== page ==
* * * * * * * * F R U G A L W A T C H * * * * * * * *
A weekly roundup of how to be frugal in the world's most
expensive country to live (unless you read this!), written
and compiled by Wendy J. Imura.
Regular edition, January 20, 2006 Issue No. 85
- Medical Mystery Explained: Are those Specialists Licensed?
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*** Medical Mystery Explained: Are those Specialists Licensed? ***
Dear Frugal Readers,
The Japanese medical system seems to be full of mysteries.
Why, for example, do the small clinics of private practitioners
seem to advertise multiple, often unrelated, specialties?
Why, for example, does the local pediatrician also offers a neurology
specialty? Are those specialists even licensed in their fields?
Navigating the Japanese health system can be a frustrating process
simply dealing with unfamiliar procedures and languages alone,
without having to worry about these issues.
Below, read some very valuable "inside information" on the
state of the Japanese medical system that answers some of
the questions raised above. The information was related
by a young (early 30s) surgeon married to a longtime British resident
of Japan. Hopefully it will clarify some of these mysteries!
"There is no legal requirement for a doctor in private practice to
have specialist training in the specialties they advertise
themselves for. The only exception is for anesthesiology, where they
must have proper experience and certification. It's impossible to
tell from outside a clinic whether or not a doctor is a certified
specialist or not, as by law hospitals are only allowed to list the
names of their doctors and their specialties, address/contact
details, and opening hours etc. on their signs and advertisements.
Many doctors who are certified specialists will display their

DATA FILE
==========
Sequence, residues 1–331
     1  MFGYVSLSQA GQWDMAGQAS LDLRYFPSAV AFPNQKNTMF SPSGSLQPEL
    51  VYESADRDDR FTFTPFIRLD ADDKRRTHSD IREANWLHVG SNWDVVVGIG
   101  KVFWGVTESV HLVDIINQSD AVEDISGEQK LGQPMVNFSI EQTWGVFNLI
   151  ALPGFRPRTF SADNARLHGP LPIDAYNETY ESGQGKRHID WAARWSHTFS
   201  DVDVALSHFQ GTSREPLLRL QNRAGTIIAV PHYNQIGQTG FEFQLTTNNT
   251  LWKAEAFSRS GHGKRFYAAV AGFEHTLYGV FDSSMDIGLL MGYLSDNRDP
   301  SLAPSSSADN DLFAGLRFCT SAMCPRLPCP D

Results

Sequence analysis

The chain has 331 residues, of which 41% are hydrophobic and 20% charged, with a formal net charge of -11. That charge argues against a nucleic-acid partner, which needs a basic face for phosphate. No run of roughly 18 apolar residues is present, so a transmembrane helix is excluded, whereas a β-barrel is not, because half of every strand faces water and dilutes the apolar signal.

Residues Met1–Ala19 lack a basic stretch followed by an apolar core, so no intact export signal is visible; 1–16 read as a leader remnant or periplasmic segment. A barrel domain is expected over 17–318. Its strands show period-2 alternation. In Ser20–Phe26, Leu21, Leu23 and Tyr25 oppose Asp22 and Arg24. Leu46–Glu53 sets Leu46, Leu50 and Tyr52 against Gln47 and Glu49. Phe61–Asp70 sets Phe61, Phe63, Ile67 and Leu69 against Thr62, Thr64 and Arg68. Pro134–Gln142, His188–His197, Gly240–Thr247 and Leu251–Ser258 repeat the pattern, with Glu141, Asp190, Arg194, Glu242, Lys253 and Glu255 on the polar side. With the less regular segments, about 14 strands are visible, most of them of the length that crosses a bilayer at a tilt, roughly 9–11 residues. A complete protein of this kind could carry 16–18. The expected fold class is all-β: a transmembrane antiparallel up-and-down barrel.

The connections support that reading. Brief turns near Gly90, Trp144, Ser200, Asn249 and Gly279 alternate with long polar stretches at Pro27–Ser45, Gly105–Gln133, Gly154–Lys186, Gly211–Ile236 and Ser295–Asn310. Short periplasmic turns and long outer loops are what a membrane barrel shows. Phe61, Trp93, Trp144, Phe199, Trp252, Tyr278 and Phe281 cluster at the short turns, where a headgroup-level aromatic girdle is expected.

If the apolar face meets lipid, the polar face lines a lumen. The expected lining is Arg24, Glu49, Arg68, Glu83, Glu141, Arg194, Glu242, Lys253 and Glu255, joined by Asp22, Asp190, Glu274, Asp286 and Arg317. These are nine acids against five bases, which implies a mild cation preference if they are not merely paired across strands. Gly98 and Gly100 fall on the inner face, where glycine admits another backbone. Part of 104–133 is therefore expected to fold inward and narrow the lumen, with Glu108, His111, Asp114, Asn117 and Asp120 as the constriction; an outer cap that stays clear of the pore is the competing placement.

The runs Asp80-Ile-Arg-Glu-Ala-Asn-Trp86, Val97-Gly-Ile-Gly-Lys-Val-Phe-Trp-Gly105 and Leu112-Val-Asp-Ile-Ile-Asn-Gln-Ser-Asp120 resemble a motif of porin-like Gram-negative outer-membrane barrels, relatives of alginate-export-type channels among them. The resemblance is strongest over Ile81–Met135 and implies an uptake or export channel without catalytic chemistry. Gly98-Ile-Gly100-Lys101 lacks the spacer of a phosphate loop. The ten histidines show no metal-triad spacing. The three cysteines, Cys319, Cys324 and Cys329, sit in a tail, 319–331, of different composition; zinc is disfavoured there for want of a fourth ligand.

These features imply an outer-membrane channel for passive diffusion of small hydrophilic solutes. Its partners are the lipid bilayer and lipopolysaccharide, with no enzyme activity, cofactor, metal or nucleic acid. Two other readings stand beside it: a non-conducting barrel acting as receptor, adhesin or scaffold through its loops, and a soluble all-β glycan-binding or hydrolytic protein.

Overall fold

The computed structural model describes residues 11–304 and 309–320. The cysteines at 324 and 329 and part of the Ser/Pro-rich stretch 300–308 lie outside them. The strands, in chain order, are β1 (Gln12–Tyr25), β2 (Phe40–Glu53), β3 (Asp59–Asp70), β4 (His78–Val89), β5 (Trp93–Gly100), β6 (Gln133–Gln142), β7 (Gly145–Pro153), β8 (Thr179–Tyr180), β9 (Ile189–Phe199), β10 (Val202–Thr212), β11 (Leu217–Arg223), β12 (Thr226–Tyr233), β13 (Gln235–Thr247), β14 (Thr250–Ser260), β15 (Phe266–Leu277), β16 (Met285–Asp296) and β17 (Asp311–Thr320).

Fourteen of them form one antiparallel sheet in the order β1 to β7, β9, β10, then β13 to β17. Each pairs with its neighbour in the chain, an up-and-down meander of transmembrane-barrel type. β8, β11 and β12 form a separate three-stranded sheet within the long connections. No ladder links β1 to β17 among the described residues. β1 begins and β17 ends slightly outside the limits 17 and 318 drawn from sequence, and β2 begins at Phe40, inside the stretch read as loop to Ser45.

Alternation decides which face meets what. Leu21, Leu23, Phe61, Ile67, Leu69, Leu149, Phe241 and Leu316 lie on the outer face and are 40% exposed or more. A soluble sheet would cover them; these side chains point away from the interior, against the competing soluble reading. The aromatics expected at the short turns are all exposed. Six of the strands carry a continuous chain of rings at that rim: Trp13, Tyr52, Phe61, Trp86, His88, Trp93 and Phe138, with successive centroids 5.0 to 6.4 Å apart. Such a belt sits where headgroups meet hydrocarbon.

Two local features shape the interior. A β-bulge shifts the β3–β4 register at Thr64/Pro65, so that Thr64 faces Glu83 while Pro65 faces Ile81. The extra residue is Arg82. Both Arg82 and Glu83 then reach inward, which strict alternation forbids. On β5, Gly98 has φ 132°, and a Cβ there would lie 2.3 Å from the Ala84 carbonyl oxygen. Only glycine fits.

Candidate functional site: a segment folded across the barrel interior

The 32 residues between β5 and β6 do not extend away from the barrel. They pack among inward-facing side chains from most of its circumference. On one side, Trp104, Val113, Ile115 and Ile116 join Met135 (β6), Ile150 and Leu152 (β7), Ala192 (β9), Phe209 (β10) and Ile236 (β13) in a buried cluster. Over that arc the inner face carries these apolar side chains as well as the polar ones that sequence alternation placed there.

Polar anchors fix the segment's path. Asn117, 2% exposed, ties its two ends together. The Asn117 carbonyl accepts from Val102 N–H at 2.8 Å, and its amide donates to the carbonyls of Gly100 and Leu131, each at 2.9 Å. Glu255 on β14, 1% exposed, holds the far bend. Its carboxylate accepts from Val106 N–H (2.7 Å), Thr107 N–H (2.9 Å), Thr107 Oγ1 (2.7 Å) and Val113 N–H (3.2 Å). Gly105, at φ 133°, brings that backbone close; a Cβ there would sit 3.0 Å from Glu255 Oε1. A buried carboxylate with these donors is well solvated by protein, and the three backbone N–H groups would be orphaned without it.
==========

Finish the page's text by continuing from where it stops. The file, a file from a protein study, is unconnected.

certificates in their waiting rooms, though, and/or a copy of
"[One reason for] this lack of legal requirement for proper training
comes down to the heavy political clout of the Japan Medical Association.
Local medical associations predominantly consist of private
practitioners, and the national medical association primarily
reflects their interests. As the JMA is a major donor to the LDP
(Japan's ruling political party), it's been able to block attempts
to reform the regulatory framework. Even though its influence does
seem to be waning a bit (it wasn't able to stop Koizumi from cutting
the amount doctors will be reimbursed for treatment by over 3% from
this April), [stet.] the framework for private practitioners isn't
going to be tightened up any time soon.
"It's important to remember that surgeons going into
general practice advertise other specialties too, as they won't
attract enough purely surgical patients to make ends meet.
Pediatrics is another similar area: as the reimbursement rate per
patient is much lower for children than for adults, and the
birthrate is declining, it's increasingly difficult for purely
pediatric clinics to survive.
"So to find a reliable local specialist, it seems the first point
is to avoid single doctors who advertise multiple specialties,
and the second is to check the waiting room for a certificate of
specialist certification and an impressive resume."
Wendy J. Imura
PS: Also, how is this information related to frugality?
Well, frankly... it's not, exactly. However, if you are going to
spend money on medical services, it does make sense to choose a
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